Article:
A tonometer is the equipment used to measure the pressure inside the eyes, also known as intraocular pressure (IOP). Tonometry is rarely performed at an average comprehensive eye exam unless the patient is at high risk of glaucoma or has already been diagnosed.
Fortunately, tonometry can detect changes in eye pressure before they cause any symptoms, enabling prompt action to be taken before the patient’s vision is affected.
Glaucoma is a common eye condition that occurs when the optic nerve, which connects the eye to the brain, becomes damaged. It is usually caused by fluid building up in the front part of the eye, which causes the pressure inside the eyes to build. As this pressure increases, the optic nerve becomes increasingly damaged, preventing messages from being transmitted between the eyes and brain effectively. As a result, the patient’s vision becomes compromised. Without treatment, vision loss will continue to increase. Unfortunately, any vision lost as a result of glaucoma cannot be restored.
Most of the time, glaucoma develops very slowly, which means that many people don’t realize that they are affected until some damage to their vision has already occurred. However, occasionally glaucoma can develop quickly, and symptoms do occur. These can include:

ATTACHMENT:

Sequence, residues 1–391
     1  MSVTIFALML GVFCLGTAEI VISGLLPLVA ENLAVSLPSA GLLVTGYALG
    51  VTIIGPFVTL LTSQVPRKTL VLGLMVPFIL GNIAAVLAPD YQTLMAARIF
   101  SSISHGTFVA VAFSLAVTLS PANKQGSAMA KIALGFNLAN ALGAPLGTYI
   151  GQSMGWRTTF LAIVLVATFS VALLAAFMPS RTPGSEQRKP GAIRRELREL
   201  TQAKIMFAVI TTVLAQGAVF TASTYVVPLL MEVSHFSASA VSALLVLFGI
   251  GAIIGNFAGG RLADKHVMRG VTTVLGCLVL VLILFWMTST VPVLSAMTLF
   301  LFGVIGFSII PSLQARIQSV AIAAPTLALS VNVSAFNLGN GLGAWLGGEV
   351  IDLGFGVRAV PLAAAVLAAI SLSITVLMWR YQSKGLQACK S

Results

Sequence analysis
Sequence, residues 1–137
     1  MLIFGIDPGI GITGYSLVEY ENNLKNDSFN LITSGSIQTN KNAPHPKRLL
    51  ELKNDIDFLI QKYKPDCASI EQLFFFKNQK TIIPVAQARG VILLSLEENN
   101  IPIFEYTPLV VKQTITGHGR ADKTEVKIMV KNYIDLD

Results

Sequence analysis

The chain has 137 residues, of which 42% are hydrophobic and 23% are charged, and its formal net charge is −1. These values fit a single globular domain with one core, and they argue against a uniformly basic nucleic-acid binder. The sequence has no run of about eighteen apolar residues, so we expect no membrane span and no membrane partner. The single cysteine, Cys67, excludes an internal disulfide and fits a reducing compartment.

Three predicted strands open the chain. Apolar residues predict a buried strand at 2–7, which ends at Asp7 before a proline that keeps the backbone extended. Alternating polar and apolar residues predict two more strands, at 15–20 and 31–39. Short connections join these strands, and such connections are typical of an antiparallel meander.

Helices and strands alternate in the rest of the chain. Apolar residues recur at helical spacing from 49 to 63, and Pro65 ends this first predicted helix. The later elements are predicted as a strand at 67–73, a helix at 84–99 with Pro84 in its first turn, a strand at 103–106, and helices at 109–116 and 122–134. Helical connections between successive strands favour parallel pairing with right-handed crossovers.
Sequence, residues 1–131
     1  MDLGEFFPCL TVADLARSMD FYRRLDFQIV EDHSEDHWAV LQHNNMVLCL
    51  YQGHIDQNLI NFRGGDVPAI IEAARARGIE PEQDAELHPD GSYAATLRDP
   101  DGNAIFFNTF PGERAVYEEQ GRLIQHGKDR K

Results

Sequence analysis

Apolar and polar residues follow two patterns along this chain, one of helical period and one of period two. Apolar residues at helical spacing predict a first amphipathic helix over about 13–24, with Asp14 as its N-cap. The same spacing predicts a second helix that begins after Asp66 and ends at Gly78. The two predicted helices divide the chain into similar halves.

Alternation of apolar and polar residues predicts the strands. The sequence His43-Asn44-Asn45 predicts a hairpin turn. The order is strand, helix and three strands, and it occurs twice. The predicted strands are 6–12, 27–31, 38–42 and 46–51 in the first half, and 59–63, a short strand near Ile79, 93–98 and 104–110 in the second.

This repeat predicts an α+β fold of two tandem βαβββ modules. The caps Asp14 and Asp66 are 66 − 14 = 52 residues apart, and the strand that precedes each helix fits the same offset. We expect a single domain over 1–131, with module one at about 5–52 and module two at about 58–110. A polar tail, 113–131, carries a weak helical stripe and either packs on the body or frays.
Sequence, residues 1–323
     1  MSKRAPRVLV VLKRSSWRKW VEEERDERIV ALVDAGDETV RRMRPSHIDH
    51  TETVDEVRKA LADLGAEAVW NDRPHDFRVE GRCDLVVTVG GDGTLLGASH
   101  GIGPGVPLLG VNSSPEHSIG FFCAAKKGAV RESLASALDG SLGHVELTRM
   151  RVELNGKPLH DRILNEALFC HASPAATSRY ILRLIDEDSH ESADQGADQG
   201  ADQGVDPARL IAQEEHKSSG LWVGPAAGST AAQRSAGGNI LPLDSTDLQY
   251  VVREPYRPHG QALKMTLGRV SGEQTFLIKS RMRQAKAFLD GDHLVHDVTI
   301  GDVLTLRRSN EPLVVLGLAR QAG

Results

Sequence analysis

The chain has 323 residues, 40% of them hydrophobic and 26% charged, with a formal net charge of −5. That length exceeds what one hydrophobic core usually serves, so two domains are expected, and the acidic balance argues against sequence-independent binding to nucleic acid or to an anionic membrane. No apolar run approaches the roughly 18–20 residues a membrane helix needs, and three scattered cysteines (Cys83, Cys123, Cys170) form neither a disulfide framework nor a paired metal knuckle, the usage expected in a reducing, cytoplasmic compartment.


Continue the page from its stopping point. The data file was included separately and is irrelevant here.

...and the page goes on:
If you notice any of these symptoms, make an appointment with your eye doctor right away so that you can be assessed. You are likely to have a tonometry test as part of this assessment.
There are various methods of tonometry testing, but many eye doctors use either Goldmann tonometry, which is the conventional technique to measure eye pressure, or electronic tonometry.
Goldmann tonometry testing uses the Goldmann applanation tonometer attached to a slit lamp microscope. This requires anesthetic eye drops to be used, which numb the eyes. Then, a small probe is pressed gently against the eye, indenting the cornea. The pressure that the cornea pushes back onto the tonometer is what is measured to give your IOP reading.
Electronic tonometry is where a handheld, mobile device is gently and quickly applied to the cornea to check the pressure, providing an accurate reading. Some eye doctors also offer non-contact tonometry, where a puff of air is used to flatten the cornea, although this is reported to be less accurate than the Goldmann technique.
If you want to learn more about tonometry testing, please call our office to speak with our dedicated eyecare professionals.